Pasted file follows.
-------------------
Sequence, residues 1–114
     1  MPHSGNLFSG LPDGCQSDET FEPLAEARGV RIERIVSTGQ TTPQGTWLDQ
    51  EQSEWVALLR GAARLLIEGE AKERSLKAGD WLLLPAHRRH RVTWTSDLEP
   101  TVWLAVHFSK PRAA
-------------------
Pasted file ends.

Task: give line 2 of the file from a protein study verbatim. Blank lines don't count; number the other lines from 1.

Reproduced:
     1  MPHSGNLFSG LPDGCQSDET FEPLAEARGV RIERIVSTGQ TTPQGTWLDQ